CPU_scheduling.docx

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1.1 Basic Concepts Almost all programs have some alternating cycle of CPU number crunching and waiting for I/O of some kind. ( Even a simple fetch from memory takes a long time relative to CPU speeds. ) In a simple system running a single process, the time spent waiting for I/O is wasted, and those CPU cycles are lost forever. A scheduling system allows one process to use the CPU while another is waiting for I/O, thereby making full use of otherwise lost CPU cycles. The challenge is to make the overall system as "efficient" and "fair" as possible, subject to varying and often dynamic conditions, and where "efficient" and "fair" are somewhat subjective terms, often subject to shifting priority policies. 1.1.1 CPU-I/O Burst Cycle Almost all processes alternate between two states in a continuing cycle , as shown in Figure 5.1 below : o A CPU burst of performing calculations, and o An I/O burst, waiting for data transfer in or out of the system.
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CPU bursts vary from process to process, and from program to program, but an extensive study shows frequency patterns similar to that shown in Figure 5.2:
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1.1.2 CPU Scheduler Whenever the CPU becomes idle, it is the job of the CPU Scheduler ( a.k.a. the short-term scheduler ) to select another process from the ready queue to run next. The storage structure for the ready queue and the algorithm used to select the next process are not necessarily a FIFO queue. There are several alternatives to choose from, as well as numerous adjustable parameters for each algorithm, which is the basic subject of this entire chapter. 1.1.3. Preemptive Scheduling CPU scheduling decisions take place under one of four conditions: 1. When a process switches from the running state to the waiting state, such as for an I/O request or invocation of the wait( ) system call. 2. When a process switches from the running state to the ready state, for example in response to an interrupt. 3. When a process switches from the waiting state to the ready state, say at completion of I/O or a return from wait( ).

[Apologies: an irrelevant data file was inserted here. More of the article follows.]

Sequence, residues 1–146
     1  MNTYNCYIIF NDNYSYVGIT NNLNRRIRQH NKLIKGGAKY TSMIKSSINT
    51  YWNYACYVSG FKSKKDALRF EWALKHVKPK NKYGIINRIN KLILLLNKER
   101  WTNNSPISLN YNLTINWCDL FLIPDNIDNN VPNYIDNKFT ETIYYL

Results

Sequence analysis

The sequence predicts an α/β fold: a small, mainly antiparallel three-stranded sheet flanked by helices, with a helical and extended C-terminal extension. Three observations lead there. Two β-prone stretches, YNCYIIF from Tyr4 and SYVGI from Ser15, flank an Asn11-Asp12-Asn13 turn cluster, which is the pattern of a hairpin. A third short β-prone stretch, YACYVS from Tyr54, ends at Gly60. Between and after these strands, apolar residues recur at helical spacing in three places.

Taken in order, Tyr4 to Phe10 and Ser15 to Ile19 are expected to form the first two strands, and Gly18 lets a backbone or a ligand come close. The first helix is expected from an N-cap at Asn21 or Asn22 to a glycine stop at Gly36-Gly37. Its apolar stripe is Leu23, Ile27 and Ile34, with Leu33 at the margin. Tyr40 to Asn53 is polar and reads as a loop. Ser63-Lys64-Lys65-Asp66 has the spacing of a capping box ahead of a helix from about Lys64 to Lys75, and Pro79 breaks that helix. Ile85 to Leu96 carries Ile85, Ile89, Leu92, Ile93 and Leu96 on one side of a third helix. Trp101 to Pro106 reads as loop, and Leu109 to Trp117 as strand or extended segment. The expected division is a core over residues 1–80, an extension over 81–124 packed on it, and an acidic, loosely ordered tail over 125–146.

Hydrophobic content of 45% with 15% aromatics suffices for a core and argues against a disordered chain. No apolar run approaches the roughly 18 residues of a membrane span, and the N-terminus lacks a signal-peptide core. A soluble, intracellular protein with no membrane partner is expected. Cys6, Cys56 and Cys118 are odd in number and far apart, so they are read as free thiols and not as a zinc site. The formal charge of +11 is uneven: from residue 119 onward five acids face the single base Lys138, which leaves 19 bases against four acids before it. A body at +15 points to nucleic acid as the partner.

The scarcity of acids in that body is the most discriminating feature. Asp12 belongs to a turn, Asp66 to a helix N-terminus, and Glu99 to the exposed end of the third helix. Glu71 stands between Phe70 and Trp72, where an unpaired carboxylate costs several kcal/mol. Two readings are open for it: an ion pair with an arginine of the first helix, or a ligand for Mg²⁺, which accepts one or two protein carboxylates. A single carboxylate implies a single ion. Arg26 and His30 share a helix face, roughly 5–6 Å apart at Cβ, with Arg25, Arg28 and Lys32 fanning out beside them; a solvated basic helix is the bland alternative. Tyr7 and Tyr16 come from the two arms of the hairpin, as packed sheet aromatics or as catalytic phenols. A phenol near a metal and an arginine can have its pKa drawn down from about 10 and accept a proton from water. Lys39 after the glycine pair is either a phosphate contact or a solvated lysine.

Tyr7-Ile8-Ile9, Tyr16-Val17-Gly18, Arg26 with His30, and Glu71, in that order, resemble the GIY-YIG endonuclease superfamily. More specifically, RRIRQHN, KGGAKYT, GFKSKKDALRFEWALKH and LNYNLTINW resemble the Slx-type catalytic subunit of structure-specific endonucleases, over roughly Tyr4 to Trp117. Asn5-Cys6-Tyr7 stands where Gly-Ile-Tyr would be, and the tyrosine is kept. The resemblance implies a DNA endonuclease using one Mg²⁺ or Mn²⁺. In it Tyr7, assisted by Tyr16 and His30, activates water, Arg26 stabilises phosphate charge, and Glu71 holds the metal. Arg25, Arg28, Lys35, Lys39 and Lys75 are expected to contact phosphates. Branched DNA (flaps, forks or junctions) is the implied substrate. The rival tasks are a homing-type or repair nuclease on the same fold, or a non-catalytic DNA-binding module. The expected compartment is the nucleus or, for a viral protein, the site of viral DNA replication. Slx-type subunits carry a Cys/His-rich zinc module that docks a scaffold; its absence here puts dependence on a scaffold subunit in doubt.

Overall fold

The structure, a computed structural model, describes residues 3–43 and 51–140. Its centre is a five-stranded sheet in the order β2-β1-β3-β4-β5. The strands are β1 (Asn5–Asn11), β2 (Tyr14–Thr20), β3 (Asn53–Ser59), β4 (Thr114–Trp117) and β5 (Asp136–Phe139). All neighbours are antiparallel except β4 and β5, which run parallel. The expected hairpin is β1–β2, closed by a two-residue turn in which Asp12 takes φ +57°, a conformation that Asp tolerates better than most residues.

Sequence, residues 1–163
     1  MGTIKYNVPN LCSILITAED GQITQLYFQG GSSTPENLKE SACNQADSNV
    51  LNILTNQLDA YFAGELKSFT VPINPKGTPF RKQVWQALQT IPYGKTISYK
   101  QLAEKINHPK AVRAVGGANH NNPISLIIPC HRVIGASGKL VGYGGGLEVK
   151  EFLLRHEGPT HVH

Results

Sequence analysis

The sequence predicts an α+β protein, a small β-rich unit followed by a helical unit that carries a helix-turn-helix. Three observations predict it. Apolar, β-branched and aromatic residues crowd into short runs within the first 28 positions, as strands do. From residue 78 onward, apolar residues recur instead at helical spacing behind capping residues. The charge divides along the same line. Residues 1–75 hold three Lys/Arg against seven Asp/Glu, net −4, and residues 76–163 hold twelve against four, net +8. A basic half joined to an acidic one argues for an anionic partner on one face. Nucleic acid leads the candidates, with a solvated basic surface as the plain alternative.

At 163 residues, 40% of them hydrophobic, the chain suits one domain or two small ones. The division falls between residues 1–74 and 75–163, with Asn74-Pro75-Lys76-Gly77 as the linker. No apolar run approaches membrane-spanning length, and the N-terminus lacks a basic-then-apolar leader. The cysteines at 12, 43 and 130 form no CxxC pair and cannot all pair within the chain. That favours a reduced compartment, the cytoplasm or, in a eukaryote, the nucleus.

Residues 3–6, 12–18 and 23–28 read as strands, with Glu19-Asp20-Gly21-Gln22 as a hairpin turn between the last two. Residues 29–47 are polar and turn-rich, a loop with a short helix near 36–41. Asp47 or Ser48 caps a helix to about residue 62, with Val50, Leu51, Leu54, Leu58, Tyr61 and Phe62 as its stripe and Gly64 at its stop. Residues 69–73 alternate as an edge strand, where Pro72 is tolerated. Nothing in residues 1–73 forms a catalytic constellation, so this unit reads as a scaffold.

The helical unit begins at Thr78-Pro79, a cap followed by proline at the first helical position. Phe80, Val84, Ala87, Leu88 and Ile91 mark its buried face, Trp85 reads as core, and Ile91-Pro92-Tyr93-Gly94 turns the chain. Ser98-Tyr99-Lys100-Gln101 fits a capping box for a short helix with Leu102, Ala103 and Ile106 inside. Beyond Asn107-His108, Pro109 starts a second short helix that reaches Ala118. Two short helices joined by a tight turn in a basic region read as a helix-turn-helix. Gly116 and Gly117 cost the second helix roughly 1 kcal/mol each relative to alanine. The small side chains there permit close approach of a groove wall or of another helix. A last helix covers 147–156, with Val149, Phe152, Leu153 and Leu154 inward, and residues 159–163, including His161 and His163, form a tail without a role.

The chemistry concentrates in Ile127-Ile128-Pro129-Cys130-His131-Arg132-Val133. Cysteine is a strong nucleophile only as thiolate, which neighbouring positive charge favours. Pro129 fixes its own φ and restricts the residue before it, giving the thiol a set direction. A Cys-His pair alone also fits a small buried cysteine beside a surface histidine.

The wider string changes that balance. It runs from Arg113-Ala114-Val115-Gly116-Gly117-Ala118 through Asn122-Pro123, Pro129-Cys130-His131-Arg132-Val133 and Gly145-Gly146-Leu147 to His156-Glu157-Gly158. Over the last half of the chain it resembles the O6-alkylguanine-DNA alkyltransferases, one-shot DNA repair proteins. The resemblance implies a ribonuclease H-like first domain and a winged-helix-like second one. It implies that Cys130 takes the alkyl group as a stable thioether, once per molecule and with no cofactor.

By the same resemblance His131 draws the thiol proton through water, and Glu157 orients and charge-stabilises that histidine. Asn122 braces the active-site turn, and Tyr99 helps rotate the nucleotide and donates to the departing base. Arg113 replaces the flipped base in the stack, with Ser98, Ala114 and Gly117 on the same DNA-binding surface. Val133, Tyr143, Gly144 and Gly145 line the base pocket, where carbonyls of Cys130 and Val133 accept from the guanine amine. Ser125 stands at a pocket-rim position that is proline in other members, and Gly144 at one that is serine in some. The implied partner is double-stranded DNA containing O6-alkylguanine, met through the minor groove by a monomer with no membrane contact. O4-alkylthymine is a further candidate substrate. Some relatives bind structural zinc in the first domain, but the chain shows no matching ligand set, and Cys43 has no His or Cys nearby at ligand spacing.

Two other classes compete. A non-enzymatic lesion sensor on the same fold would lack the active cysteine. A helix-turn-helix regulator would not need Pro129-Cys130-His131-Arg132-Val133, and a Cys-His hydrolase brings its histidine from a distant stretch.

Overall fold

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4. When a process terminates. For conditions 1 and 4 there is no choice - A new process must be selected. For conditions 2 and 3 there is a choice - To either continue running the current process, or select a different one. If scheduling takes place only under conditions 1 and 4, the system is said to be non-preemptive , or cooperative . Under these conditions, once a process starts running it keeps running, until it either voluntarily blocks or until it finishes. Otherwise the system is said to be preemptive. Windows used non-preemptive scheduling up to Windows 3.x, and started using pre-emptive scheduling with Win95. Macs used non- preemptive prior to OSX, and pre-emptive since then. Note that pre- emptive scheduling is only possible on hardware that supports a timer interrupt.
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